43 Village Site Visits Concluding Ahead Of Tanzania Water System Rehabilitation

Just in time for World Water Day, Ohio State and partners are wrapping up the first step in a major rehabilitation effort of broken rural water systems in Tanzania.

From November 2015 to March 2016, a field team led by Ohio State partner WorldServe International visited 43 rural villages in eight regions of Tanzania. The purpose of the field visits was to meet the communities and gather data about why their wells aren’t working, a common situation for rural communities in developing countries.

“We knew the official statistics on broken water points in Tanzania, and we’d heard a lot of anecdotal evidence about why water and sanitation systems fail,” said GWI Senior Research Associate Rebecca Gianotti. “But to develop a solution that will really address the root of the problem, we need first-hand information about both the physical and socioeconomic context for why people don’t have reliable access to clean water.”

At each site, the field team conducted technical assessments of the physical infrastructure—boreholes, pumps, tanks and power supplies—and engaged in dialogue with community leadership and local water committees about village needs, goals and constraints in developing more sustainable water systems.

One surprising result was that financial, rather than mechanical, barriers often stood in the way of villages using their current water systems, which are powered by generators. “The common hardship encountered by some villages is raising enough money for diesel to run the generators,” said Simon Shoo, head of the WorldServe field team. “Something has to be done.”

And that’s just what Ohio State and partners hope to do. These 43 communities are part of a group of 125 high-priority sites identified by the Tanzanian Ministry of Water and Irrigation, which has invited the partners to pilot a new model of sustainable rehabilitation (the WE3 Program) to get these water systems back in shape and keep them running sustainably for years to come.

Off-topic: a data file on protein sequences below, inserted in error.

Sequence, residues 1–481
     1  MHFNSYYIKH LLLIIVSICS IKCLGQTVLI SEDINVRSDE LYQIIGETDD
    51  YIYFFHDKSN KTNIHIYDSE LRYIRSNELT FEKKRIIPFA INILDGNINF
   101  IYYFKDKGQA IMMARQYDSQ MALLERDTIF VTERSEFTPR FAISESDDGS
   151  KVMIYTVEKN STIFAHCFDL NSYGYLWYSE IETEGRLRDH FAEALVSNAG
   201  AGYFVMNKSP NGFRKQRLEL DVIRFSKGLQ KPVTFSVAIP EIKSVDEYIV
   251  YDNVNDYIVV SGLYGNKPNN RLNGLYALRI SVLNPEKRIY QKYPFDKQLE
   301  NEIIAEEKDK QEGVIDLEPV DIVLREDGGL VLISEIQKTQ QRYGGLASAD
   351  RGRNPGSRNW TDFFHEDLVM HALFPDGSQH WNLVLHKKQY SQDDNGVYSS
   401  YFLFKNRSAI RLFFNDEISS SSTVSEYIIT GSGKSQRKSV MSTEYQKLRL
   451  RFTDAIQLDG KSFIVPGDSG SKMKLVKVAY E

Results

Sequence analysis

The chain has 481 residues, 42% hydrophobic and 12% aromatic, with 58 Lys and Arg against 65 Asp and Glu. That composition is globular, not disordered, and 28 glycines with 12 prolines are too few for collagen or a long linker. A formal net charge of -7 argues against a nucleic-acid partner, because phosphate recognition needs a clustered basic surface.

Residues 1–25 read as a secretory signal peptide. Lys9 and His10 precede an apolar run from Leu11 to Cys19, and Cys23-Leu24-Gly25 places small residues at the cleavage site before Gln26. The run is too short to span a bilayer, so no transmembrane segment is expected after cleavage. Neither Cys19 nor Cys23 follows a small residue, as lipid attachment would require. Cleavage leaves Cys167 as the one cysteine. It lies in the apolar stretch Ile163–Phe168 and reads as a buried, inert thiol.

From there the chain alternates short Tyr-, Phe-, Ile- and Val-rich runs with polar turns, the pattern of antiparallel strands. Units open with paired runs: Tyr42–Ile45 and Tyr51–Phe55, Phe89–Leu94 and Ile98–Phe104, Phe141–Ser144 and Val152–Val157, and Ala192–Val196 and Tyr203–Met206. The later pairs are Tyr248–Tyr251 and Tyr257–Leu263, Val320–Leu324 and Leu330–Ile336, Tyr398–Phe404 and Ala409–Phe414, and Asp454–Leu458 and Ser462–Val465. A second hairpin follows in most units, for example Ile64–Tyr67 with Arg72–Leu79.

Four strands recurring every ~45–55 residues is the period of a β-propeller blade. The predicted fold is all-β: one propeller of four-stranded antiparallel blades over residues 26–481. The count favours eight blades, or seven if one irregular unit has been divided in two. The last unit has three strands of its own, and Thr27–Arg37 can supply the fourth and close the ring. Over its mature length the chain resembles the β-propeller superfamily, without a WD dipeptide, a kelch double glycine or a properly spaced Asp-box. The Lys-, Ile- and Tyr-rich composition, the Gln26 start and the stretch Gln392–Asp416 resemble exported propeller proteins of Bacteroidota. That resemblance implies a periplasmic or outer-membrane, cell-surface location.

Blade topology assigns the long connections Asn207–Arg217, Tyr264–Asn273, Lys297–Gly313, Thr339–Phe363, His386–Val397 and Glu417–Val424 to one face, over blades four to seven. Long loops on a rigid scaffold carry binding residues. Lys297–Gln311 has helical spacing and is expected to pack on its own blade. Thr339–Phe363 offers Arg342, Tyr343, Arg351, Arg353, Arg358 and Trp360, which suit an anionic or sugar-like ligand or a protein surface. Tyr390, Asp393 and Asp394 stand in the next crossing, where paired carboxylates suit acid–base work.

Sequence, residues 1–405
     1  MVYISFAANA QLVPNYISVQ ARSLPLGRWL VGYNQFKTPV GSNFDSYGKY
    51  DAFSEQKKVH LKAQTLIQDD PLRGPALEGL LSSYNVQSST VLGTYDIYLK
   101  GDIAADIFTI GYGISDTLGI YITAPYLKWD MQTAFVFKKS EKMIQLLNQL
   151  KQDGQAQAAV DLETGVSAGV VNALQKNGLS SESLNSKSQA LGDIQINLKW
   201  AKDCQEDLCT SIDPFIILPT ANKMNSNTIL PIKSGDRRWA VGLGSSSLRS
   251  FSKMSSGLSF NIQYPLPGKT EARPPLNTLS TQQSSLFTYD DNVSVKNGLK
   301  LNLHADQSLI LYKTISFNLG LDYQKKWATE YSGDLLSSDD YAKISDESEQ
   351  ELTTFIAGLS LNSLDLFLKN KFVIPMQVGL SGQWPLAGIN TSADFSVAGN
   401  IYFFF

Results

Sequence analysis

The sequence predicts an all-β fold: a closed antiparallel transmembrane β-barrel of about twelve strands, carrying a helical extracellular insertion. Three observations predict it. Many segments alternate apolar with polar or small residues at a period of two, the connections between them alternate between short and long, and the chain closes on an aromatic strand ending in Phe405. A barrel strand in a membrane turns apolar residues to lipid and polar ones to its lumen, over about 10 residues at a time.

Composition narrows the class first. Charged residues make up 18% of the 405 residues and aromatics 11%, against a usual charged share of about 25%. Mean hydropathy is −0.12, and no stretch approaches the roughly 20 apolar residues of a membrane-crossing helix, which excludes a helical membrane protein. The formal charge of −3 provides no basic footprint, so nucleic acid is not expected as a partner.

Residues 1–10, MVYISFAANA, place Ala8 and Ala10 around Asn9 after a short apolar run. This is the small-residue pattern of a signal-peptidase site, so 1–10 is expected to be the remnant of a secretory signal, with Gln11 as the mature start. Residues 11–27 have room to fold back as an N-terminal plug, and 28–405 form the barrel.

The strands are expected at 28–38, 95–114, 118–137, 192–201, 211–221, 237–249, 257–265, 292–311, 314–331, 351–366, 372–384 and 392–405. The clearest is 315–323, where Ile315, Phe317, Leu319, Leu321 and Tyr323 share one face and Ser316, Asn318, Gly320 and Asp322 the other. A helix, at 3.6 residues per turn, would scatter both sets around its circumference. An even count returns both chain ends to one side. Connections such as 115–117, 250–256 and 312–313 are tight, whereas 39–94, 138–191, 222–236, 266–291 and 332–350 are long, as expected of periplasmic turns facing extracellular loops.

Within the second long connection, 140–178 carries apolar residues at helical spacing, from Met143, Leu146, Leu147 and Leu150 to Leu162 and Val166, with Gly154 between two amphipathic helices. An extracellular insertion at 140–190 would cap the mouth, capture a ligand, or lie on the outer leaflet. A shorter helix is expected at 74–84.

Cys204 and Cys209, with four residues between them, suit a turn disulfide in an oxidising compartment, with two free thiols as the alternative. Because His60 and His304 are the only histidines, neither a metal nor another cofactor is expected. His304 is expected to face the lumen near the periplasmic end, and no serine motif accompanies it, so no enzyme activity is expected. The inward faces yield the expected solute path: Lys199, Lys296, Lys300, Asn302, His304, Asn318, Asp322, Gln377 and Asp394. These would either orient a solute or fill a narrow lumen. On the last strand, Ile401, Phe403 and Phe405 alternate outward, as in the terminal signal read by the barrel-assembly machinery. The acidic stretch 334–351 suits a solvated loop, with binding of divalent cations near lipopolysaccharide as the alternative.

The goal is to use the site assessment data to design village water systems that will serve current needs and grow sustainable prosperity in the future. Features of the sustainable systems proposed by the WE3 team include:

  • solar power for water pumps instead of costly diesel
  • direct linkages to sources of income like farming or mobile charging
  • water system maintenance by a local business owner
  • training and tech support for community members via mobile phone

Data from the site visits will be augmented by efforts by researchers at Ohio State and the University of Dodoma to mine existing remote sensing data and historical records for these regions. The combination of site-specific and regional data should help the team better understand the condition of existing infrastructure and the long-term sustainability of groundwater resources in the country.

But to Gianotti, the community dialogue aspect may be the most important outcome of the site assessment.

“Communities expressed their intention to leverage improved water access to support improved livelihoods and new small businesses, like expanded livestock herds, vegetable production, and brickmaking,” she says. “These conversations illustrate the potentially transformative power of clean water – if the systems are sustainable.”